By the time I was a teenager and my testosterone levels went up, I yearned for female companionship, which was mighty scarce at the military school I attended from 1952 till 1958. About the only place a horny kid at my school could meet girls was at church (especially delicious were those Saturday night hayrides). So I started going to MYF meetings (Methodist Youth Fellowship) on Sunday nights. Sunday mornings I was usually found on Lake Chickamauga fishing with my dad and brother. During the summer I often went to revival meetings, lured there primarily by girls in cotton dresses with low bodices. And, of course, I got saved. More than once. But one time in 1959, then a freshman in college, I got really good and saved and subsequently became a Licensed Methodist preacher, a title conferred on my in 1960 by the Holston Conference. To obtain said License I had to read a few books and the Bible. Well, I read those books and I read the King James Bible a few times, skipping the genealogies only in my third read. All of this led me to a deep interest in religion in general and Christianity in particular. As a preacher I was a fundamentalist and inerrantist of the worst sort. It lasted three years. What brought me away from the "church" and from Christianity, as such, was born in two events.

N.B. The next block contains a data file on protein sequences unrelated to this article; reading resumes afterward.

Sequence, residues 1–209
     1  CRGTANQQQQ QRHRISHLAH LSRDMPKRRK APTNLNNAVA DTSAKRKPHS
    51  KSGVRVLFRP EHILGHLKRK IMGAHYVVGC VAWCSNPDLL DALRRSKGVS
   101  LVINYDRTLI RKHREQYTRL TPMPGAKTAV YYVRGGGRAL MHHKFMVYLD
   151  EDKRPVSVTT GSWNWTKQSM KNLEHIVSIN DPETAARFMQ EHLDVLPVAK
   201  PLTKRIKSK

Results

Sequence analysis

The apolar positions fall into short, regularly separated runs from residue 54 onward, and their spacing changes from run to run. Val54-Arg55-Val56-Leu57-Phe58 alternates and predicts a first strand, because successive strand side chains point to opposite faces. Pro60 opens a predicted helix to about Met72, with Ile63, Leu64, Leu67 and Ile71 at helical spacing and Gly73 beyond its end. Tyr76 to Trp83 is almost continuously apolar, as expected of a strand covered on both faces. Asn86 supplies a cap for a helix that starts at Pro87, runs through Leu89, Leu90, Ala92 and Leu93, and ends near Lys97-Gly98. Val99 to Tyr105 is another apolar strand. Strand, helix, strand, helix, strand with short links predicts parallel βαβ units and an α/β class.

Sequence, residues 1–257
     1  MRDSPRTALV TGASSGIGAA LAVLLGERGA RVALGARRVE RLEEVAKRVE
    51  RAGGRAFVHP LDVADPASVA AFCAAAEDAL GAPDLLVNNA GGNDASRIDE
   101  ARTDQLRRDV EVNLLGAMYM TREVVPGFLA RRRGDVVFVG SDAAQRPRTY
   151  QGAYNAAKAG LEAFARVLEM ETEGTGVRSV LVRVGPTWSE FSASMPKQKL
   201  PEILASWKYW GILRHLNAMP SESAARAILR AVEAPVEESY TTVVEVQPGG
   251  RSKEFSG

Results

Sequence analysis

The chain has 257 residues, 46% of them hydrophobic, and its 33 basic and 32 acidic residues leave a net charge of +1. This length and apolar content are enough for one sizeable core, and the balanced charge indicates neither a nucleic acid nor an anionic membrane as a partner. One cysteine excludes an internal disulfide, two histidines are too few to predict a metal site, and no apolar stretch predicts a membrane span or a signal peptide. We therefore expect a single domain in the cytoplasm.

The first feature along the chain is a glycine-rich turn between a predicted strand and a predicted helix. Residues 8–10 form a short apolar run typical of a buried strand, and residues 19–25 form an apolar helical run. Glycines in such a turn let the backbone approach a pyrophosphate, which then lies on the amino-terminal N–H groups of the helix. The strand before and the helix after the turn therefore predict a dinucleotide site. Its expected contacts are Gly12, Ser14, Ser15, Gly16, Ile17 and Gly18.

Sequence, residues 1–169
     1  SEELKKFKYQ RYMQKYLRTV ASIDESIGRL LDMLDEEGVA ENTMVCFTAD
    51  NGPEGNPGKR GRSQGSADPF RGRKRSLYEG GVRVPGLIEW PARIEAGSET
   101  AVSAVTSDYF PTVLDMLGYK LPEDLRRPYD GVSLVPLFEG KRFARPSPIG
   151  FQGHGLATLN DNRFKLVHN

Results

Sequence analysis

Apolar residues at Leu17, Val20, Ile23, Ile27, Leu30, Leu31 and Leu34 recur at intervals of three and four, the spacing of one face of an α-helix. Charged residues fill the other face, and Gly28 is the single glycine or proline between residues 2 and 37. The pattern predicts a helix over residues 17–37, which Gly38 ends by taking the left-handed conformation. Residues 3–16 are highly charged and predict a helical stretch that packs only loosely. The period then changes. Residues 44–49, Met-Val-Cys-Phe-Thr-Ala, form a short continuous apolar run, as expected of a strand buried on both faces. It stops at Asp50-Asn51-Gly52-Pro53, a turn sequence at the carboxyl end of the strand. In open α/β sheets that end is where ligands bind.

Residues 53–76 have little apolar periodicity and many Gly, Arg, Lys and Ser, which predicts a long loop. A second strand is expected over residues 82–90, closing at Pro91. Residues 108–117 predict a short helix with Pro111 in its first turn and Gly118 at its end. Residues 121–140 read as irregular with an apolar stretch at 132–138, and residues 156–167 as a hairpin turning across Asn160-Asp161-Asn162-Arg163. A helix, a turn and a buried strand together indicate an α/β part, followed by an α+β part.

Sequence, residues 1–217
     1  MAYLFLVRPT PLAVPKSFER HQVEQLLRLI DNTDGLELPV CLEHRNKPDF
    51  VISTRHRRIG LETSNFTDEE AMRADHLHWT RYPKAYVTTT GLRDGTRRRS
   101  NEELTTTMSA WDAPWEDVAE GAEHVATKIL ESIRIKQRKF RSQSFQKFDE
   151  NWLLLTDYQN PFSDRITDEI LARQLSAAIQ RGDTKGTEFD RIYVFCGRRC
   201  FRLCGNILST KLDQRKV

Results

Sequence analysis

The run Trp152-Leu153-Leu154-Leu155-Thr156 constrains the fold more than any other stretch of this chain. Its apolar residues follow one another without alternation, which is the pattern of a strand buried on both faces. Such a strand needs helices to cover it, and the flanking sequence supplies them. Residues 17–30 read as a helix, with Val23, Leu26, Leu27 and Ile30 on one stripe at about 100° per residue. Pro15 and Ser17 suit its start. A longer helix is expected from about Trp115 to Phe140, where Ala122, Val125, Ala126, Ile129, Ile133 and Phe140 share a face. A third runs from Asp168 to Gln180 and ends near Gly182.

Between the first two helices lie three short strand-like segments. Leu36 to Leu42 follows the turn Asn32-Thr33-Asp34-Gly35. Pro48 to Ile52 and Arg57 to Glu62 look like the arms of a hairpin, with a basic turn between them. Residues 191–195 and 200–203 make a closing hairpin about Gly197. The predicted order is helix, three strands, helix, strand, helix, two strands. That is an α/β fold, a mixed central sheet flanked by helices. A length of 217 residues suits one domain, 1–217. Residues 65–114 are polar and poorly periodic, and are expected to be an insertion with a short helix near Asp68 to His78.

The first was in the church where I had my first appointment. I was youth director and a young girl turned up pregnant. The church quite literally turned its back on that kid. The only place she was welcome was in my Sunday School class, after which she and her boyfriend went home.